-- DenisTeyssou - 20 Jan 2023

Mapping the ‘memory loss’ of disinformation in fact checks

Current fact-check archiving practices and Facebook post removal

Team Members

Denis Teyssou, Kalina Bontcheva, Bertrand Goupil, Valentin Porcellini, Muneerah Patel, Yan Cong, Ziwei Zhang, Nadia Murady, Sayat Rahman Chowdhury, Ángeles Briones




1. Introduction

According to a survey conducted within the European project vera.ai, archiving appearances of disinformation is one of the most cumbersome tasks fact-checkers are performing, due to anti-scraping measures taken by Facebook, Instagram, TikTok, and other platforms.

This may result in less documented fact checks (with fewer appearances, and less evidence of disinformation traces). Facebook users may remove posts that have been fact-checked or make them private.

There is also a trend among some fact-checking organizations since Covid to avoid publishing disinformation appearances links to prevent spreading it more towards the public. Fact-checkers sometimes collect links into spreadsheets but do not publish them.

Therefore, many links to content disappear (erased by platforms, by end-users, or kept within private groups after debunks) and make it difficult for fact-checking memory and also for social scientists to evaluate the scope of disinformation on platforms.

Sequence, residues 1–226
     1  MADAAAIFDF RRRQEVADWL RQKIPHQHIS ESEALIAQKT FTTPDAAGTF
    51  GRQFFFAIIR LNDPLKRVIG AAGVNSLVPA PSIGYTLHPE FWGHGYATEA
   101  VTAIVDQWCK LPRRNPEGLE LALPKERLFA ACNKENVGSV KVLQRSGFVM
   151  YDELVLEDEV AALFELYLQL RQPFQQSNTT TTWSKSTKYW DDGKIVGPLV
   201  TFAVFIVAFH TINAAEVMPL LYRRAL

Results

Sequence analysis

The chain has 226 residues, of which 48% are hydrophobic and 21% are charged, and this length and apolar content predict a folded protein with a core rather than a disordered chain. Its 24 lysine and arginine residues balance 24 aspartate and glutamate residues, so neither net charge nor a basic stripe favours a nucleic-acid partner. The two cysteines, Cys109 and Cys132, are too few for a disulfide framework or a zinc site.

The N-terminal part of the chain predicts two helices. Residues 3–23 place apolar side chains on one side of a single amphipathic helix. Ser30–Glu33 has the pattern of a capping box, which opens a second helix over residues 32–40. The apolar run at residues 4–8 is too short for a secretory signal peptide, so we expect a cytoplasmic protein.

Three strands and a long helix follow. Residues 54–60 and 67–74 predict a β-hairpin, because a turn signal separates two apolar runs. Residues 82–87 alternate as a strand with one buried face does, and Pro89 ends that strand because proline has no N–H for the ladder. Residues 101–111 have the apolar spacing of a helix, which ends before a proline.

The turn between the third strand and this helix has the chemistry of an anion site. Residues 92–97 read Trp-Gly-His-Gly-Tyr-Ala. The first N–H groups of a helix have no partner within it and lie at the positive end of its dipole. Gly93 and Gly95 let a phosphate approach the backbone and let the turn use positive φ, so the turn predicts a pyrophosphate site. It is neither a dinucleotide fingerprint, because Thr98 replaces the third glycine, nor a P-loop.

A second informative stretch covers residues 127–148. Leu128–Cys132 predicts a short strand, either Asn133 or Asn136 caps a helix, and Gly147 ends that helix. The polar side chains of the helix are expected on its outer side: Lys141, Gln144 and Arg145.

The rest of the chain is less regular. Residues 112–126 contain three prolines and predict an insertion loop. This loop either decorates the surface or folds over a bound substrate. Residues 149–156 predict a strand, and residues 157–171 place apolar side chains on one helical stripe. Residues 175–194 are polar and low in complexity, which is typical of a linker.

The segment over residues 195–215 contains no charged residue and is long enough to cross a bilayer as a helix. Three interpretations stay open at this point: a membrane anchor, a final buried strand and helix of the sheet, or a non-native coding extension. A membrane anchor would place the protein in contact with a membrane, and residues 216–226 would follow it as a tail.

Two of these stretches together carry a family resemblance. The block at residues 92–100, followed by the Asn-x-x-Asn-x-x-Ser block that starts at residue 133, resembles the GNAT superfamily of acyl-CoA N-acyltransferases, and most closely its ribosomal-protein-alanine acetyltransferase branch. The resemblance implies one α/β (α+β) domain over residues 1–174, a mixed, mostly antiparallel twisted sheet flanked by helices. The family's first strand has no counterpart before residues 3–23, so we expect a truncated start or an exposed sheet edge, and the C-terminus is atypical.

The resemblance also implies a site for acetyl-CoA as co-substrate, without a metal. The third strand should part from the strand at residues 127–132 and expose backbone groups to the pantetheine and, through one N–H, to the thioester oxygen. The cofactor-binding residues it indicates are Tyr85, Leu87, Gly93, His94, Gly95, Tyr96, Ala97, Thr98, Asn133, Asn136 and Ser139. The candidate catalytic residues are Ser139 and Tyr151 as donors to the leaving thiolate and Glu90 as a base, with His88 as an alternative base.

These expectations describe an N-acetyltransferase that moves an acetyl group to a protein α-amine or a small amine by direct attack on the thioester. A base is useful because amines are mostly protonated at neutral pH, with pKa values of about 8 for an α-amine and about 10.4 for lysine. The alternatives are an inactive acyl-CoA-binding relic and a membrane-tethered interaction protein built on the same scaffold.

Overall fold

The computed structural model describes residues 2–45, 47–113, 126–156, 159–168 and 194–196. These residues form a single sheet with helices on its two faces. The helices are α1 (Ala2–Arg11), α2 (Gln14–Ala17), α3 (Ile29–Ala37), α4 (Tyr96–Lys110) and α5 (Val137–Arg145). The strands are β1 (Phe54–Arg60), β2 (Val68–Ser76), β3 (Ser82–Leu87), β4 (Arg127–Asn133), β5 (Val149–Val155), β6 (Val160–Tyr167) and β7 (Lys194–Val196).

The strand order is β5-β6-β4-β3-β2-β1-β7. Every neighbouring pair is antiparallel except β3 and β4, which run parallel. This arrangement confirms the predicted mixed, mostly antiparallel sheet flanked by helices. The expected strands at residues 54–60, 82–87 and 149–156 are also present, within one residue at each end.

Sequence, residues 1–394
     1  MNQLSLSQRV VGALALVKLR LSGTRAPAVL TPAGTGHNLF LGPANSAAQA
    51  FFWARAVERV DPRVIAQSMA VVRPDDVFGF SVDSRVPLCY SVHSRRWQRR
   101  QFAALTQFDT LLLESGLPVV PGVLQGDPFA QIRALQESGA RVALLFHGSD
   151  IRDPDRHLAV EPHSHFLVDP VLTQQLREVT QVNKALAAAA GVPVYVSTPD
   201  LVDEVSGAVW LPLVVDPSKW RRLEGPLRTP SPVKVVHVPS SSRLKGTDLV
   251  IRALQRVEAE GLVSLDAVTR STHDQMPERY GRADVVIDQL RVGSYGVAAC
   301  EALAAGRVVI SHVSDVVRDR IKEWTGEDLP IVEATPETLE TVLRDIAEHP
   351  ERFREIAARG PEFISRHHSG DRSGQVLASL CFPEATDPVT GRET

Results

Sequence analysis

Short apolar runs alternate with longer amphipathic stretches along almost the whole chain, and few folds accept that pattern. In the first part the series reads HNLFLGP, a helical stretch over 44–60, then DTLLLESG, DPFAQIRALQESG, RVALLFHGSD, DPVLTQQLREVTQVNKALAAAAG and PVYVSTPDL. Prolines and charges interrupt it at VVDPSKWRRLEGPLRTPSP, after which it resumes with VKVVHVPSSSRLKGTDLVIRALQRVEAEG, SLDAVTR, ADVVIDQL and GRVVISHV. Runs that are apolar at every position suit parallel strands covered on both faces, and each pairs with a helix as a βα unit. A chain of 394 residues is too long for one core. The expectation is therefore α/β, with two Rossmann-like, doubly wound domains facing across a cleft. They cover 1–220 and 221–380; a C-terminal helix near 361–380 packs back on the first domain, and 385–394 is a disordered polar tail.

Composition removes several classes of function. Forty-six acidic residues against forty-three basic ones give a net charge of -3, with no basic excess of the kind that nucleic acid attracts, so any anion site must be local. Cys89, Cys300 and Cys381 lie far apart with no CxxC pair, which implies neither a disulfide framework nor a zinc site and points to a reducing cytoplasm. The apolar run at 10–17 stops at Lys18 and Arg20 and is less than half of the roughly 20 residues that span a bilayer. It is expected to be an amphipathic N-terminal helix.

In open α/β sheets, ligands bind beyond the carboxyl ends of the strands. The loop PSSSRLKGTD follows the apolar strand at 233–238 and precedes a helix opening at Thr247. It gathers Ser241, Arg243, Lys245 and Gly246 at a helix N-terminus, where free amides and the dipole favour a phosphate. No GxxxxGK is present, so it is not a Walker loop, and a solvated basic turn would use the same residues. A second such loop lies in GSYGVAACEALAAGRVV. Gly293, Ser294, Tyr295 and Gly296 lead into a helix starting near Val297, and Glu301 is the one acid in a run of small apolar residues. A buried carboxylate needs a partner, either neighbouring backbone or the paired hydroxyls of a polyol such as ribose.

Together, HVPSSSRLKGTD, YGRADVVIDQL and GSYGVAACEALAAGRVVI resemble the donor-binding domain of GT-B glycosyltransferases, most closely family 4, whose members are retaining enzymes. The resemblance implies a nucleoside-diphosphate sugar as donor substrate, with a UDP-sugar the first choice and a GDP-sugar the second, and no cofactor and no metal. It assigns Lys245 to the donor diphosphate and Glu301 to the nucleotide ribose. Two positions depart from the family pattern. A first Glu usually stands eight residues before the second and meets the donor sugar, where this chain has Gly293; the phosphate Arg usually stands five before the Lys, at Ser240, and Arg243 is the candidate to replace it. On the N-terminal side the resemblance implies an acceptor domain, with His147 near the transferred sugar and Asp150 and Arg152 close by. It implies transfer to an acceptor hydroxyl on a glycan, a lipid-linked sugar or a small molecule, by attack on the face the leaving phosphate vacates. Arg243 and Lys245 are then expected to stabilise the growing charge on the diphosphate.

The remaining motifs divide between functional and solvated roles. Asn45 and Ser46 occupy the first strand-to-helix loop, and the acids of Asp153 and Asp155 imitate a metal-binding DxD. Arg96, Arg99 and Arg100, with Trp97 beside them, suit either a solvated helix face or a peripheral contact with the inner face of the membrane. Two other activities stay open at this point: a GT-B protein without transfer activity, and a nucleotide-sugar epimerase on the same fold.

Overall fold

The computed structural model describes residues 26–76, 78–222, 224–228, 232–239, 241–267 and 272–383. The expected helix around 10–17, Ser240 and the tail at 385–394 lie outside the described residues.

The first goal of this project is therefore to understand the extent of the fact-checking ‘memory loss’.

2. Research Questions

What are fact-checkers current archiving practices to preserve disinformation traces?

How much of the fact-checked Facebook posts are now missing?

What kind of difficulties (and error messages from platforms) fact-checkers are facing when archiving disinformation content?

3. Methodology and initial datasets

By performing data analysis, we have mapped the current fact-checkers’ archiving practices on Facebook and other platforms, in order to better understand the scope of the problem, and to ideate possible solutions.

Our analysis of the “War in Ukraine” fact checks dataset published by the European Digital Media Observatory (EDMO) allowed us to better understand the scope of the problem of fact-checking ‘memory loss’, across 26 fact-checking organizations.

To analyze this dataset of 1991 fact checks, we used a variety of tools such as Minet, Hyphe, Python with Beautiful Soup library to extract more than 41k links from which we gathered a sub-corpus of 6002 archives unique links.

As error messages from the archived links were often difficult to retrieve, we also used webrecorder archives and machine learning powered OCR from Sheffield University NLP Gate team, to identify several archiving errors such as entry barriers (like a Log in Facebook or Not Logged In Facebook) not available in http headers.